WSJ’s ‘Twelfth Night’ Review: Silly Succor for Modern Malaise

Originally Published in The Wall Street Journal
By Terry Teachout | July 20, 2017

Moritz von Stuelpnagel, known for directing comedies but not the classics, turns out a fun and bawdy Shakespeare production.

With two Broadway successes, “Hand to God” and “Present Laughter,” under his belt, Moritz von Stuelpnagel is now looking like the most talented director of stage comedy to come along since John Rando. So it’s happy news that he’s upped his personal ante by staging “Twelfth Night” for the Hudson Valley Shakespeare Festival. It is, after all, a big leap from Noël Coward to Shakespearean comedy, one that many similarly talented directors never attempt. Funny though “Twelfth Night” is, most of the laughs don’t come of their own accord: They need careful, knowing tending in order to explode on schedule. But Mr. Von Stuelpnagel knows his comic stuff, and he’s given us a show that’s every bit as enjoyable as its predecessors.

Unlike most modern-day Shakespeare directors, Mr. Von Stuelpnagel has chosen not to overlay his “Twelfth Night” with a high concept: It’s a colorfully stylized semi-modern-dress staging, but otherwise the show keeps to the center of the theatrical road. The cast is mostly young, and the actors themselves perform Palmer Hefferan’s incidental music in a cheerfully rough-and-ready manner. The results are as festive as their setting, a huge tent pitched on the great lawn of the Boscobel House and Gardens, a handsomely restored 1808 estate situated on a wooded bluff perched high above the Hudson River. Even when the weather is less than inviting, I can’t think of a prettier place to see an outdoor show.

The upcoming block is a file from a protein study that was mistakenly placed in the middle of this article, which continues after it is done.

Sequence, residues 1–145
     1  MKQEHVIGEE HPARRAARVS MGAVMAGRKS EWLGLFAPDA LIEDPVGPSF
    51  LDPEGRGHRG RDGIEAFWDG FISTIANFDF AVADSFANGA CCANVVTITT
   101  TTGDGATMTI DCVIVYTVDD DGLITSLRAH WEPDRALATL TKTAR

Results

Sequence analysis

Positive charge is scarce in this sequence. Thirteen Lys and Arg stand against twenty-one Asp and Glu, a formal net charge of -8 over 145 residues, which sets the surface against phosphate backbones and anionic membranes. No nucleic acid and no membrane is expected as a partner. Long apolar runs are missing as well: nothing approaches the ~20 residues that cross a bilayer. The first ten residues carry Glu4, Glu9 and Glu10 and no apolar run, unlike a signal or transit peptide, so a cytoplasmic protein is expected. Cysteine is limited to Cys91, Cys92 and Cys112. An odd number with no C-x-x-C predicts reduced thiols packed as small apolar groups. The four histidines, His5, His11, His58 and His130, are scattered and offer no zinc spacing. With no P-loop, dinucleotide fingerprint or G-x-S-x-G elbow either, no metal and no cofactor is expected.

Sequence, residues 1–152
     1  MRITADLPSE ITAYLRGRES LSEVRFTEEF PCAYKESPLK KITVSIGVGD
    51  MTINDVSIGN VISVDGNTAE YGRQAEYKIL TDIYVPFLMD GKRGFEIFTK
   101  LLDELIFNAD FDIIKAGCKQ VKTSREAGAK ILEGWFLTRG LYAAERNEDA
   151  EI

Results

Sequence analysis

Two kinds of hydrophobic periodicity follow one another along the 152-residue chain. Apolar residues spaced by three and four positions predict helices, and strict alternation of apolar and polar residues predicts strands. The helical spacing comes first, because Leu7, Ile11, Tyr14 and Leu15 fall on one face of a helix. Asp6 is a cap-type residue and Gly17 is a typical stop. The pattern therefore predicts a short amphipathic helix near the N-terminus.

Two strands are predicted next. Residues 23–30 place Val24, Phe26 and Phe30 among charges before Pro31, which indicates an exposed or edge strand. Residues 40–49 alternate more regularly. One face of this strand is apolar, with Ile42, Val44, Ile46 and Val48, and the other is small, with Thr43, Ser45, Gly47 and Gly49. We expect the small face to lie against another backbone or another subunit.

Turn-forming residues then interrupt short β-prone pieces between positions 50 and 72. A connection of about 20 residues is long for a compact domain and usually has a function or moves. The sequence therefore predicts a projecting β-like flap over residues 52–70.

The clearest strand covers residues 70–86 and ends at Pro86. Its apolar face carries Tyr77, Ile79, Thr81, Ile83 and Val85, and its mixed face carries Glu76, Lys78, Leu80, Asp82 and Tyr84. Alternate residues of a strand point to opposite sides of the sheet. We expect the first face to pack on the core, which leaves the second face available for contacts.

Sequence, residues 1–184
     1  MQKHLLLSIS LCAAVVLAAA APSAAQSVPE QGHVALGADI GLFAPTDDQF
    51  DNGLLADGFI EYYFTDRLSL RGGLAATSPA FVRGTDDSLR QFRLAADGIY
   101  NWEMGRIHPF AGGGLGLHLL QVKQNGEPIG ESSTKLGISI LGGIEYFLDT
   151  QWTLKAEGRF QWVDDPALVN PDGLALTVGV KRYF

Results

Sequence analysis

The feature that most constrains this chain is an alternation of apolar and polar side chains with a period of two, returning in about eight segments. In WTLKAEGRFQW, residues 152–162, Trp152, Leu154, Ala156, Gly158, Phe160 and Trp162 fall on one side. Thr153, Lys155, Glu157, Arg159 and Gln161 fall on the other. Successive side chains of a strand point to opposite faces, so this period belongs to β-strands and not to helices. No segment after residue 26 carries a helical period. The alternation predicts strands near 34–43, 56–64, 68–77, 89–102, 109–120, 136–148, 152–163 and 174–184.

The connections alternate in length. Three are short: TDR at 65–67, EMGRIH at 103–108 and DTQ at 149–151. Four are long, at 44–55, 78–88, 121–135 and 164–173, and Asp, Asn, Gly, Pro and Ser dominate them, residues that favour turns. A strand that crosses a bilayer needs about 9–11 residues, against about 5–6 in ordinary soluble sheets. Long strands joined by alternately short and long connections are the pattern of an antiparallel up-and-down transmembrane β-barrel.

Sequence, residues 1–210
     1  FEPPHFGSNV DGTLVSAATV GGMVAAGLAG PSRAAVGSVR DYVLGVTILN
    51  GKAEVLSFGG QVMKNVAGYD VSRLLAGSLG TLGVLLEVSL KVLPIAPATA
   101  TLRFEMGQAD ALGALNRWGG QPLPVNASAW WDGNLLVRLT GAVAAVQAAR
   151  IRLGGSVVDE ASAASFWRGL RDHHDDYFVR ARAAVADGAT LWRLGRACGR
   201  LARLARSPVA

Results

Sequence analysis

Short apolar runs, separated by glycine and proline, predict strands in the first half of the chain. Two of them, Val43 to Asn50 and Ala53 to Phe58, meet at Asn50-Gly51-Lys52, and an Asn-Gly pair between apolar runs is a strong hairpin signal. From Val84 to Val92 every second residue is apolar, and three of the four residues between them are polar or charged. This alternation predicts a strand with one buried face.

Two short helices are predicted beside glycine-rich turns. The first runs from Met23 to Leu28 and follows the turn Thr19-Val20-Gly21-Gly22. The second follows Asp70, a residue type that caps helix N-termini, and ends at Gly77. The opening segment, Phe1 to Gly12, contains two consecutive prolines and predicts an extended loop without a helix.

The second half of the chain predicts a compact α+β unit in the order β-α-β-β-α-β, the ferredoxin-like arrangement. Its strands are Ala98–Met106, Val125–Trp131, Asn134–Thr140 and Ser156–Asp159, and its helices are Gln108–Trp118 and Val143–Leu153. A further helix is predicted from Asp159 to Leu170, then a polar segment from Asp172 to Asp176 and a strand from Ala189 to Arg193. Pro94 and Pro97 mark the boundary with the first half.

Hudson Valley always has fine clowns on tap, and Kurt Rhoads and Sean McNall, who play Toby Belch and Andrew Aguecheek, set the tone for the show, with the emphasis placed squarely on broad, bawdy comedy. (Without getting too graphic for the readers of a family paper, suffice it to say that Sir Toby appears to be suffering from a fairly severe case of prostate trouble.) Anyone seeking temporary surcease from the rigors of the present moment will find it in abundance here.

The only thing missing is the hard nub of dramatic seriousness that issues from the climactic humiliation of Malvolio. Stephen Paul Johnson, dressed in the pompous manner of an 18th-century lawyer, is a bit too quick to shift into full-tilt comic mode when he receives the forged letter intended to fool him into thinking that Olivia ( Krystel Lucas ), his employer, has fallen in love with him. It strikes me that Mr. Von Stuelpnagel has in this case erred on the side of broadness, in much the same way that he erred by treating Roland Maule as a figure of too-obvious buffoonery in his production of “Present Laughter.” Malvolio is a grotesque, not a clown, and “Twelfth Night,” at least for me, works best when he’s played perfectly, even rigidly straight, succumbing to unrequited love and exploding with justifiable rage at play’s end when he discovers that Sirs Andrew and Toby—who are, lest we forget, his social superiors, vulgar and loutish though they are—have made heartless sport of him.